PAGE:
If you are struggling with PTSD or alcohol, Brian strongly recommends the Deer Hollow Recovery Center.
Preppers are preparing for the worst and should be prepared to cope with PTSD as well. There will be no shortage of traumatic experiences in a potential collapse scenario. If you practice recognizing when your subconscious starts to ramp you up, you can learn to control the primal responses. However, if left unmanaged, the prefrontal cortex can permanently lose the ability to stop the medulla oblongata.
All of us deal with problems. However, you are the only one that can control your emotions. Despite the signals, you can control them if you know how to recognize them. Every time you notice yourself feeling anxious, focus on the feeling. Learn what you first felt that led to the emotion. For example, if your child runs out in the street, you are calm the first time you call. Then you get more anxious on the second call. By the third, you may be cursing and yelling. Why is that? It’s because you are afraid something terrible might happen to the child. Learn to feel the feeling.
This emotional training can exponentially increase your situational awareness. You are no longer seeing things. You are feeling things. Practice in traffic. Recognize when you are starting to get the sensations that cause you to get agitated. Think about the person in the other vehicle. They are probably a decent person just trying to make their way through the day as well. This thought process helps you rationalize the experience and calm yourself. Congratulate yourself for recognizing the emotion and managing it before it gets out of hand. If you can learn to realize that subconscious message, you can analyze whether there is a serious threat or not faster.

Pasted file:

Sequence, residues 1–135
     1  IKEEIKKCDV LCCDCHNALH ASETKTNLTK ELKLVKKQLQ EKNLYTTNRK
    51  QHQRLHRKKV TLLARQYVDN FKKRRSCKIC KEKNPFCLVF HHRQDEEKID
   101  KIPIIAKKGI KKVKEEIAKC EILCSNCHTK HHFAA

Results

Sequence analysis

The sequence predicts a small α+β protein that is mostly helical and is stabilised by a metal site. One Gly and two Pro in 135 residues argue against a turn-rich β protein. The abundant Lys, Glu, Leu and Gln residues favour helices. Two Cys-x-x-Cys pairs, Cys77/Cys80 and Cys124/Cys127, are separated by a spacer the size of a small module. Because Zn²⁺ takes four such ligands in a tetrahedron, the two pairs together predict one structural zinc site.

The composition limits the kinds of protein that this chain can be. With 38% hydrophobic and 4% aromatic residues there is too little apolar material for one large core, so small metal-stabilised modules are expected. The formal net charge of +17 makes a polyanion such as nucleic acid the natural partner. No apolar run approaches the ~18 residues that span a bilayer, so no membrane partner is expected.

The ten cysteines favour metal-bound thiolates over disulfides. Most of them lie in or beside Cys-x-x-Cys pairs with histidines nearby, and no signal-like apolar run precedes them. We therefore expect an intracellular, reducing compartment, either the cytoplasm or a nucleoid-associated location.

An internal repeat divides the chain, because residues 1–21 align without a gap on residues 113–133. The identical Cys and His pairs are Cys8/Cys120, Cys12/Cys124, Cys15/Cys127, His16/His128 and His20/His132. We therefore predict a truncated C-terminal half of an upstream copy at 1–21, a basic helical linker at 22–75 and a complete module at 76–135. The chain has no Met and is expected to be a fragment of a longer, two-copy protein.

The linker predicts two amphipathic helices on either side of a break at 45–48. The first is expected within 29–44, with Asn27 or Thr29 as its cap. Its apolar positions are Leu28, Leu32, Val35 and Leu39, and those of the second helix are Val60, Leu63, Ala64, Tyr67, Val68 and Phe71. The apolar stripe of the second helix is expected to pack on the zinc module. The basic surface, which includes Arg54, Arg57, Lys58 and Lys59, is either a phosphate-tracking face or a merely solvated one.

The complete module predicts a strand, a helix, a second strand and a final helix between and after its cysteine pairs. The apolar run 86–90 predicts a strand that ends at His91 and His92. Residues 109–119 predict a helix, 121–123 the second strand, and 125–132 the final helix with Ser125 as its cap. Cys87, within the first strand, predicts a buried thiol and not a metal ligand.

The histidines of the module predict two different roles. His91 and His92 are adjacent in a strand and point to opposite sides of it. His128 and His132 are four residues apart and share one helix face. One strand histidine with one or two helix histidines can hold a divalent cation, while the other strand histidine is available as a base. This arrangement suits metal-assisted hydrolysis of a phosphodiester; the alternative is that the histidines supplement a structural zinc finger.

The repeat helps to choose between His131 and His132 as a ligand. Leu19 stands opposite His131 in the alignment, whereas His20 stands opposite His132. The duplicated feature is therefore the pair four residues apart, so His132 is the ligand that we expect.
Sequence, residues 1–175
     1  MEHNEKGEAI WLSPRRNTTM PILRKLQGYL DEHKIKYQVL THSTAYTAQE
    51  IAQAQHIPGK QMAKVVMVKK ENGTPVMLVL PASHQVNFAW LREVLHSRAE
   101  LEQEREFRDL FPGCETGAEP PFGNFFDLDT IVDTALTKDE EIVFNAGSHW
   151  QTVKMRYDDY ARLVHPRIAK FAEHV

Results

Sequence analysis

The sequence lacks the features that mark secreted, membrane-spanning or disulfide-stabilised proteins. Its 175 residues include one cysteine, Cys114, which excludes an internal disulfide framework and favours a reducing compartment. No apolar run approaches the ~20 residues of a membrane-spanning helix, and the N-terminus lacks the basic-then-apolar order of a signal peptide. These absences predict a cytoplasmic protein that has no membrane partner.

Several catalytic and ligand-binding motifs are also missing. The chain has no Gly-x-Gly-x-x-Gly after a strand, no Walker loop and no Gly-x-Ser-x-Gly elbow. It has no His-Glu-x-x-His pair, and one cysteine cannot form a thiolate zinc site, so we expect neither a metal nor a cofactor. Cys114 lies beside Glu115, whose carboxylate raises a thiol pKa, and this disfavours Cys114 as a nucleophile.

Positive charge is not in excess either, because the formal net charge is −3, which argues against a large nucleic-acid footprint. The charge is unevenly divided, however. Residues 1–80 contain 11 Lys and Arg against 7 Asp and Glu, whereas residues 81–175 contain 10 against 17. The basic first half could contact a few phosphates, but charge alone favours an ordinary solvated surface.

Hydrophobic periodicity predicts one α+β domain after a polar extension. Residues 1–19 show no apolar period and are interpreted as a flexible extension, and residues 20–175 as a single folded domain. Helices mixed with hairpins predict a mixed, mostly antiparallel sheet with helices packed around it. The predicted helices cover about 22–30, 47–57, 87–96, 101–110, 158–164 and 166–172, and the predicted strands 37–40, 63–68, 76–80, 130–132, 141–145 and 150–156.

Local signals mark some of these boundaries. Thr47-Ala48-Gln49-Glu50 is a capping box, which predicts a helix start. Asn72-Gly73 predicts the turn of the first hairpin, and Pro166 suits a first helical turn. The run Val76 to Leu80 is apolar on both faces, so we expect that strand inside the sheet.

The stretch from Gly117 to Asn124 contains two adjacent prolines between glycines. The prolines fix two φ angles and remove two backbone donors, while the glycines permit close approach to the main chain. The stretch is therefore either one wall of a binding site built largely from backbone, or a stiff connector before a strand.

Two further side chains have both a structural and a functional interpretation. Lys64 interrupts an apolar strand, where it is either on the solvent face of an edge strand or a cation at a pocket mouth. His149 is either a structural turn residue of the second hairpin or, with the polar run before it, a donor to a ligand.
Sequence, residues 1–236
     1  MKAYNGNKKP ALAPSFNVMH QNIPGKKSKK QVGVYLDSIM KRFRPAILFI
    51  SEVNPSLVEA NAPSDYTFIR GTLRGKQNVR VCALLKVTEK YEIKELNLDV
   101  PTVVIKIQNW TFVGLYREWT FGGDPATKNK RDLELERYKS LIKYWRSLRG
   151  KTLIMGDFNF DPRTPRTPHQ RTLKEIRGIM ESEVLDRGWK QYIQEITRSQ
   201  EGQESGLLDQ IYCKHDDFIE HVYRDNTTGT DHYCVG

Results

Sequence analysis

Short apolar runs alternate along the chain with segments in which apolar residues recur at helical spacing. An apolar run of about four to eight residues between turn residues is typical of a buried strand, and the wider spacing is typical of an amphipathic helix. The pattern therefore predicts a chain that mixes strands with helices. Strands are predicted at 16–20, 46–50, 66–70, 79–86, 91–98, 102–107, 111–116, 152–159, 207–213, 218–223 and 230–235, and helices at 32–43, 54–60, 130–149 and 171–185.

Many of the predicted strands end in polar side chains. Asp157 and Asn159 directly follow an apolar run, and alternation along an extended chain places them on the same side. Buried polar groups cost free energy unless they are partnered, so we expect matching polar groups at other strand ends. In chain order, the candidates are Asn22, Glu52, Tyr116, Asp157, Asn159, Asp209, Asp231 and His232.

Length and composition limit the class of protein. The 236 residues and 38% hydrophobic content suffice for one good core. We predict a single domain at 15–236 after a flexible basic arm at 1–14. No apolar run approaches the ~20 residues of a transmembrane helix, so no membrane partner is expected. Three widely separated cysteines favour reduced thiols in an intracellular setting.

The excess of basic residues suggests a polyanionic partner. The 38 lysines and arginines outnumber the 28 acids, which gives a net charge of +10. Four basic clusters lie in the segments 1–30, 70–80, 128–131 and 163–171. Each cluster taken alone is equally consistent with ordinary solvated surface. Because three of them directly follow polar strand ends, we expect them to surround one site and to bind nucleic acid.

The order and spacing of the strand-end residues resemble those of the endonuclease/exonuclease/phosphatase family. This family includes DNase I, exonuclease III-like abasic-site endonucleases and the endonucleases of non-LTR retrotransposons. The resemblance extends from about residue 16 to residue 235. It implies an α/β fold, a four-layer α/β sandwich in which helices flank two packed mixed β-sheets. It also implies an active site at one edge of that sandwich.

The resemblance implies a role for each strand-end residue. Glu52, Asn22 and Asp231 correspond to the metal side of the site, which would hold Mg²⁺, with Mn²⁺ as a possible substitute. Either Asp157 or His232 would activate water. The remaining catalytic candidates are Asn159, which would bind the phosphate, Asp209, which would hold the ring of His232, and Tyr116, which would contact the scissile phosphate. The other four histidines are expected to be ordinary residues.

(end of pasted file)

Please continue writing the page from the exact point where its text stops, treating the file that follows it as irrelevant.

The most important part of the OODA Loop is the observation and orientation. This is the raw data. We tarnish the raw data with a personal perspective during the decision and action phase. We all perceive data differently, but if you can recognize the data versus the perspective, you can decipher reality from beliefs.
Understand that you are biased and challenge yourself to see things differently. Try to understand why it is people do what they do. If you can look at what is going on and really question the raw data, you can determine fiction from facts and lies from reliable information. The great strategist John Boyd also wrote a paper titled Destruction and Creation. He suggests taking everything and breaking it down into pieces. Then take everything someone else suggests and break it down into pieces. Then you can choose what pieces are best with minimum bias influencing your decision.
Call BS on yourself. Ask yourself if you are wrong. If you are wrong, how does that change the picture? To unite as a United Nation once again, we have to start empathizing with one another. Use the scientific method to put your theory under constant scrutiny. This will help you develop more confidence in your decision, allow you to think outside of your box, and examine your problem from all angles.
You know if you are being stubborn, headstrong, and overreacting. You allow yourself to do that. Life is 10% circumstance and 90% reaction.
The Changing Earth Series
Brian Duff is the go to resource for concerned people who want to improve their safety, security and preparedness. He is a proud former Army Ranger, Paramedic, Firefighter, High Threat Security Specialist and International Security Director who has served and protected people around the globe for decades.
When he’s not working to help others, he can be found in the garage, tinkering away, out on the hiking trail, or meeting up with friends and occasionally trying to find the end of the Internet. Make the choice, take a look at Brian’s virtual home, Mind4Survival.com and set yourself up to overcome and survive any difficult situation.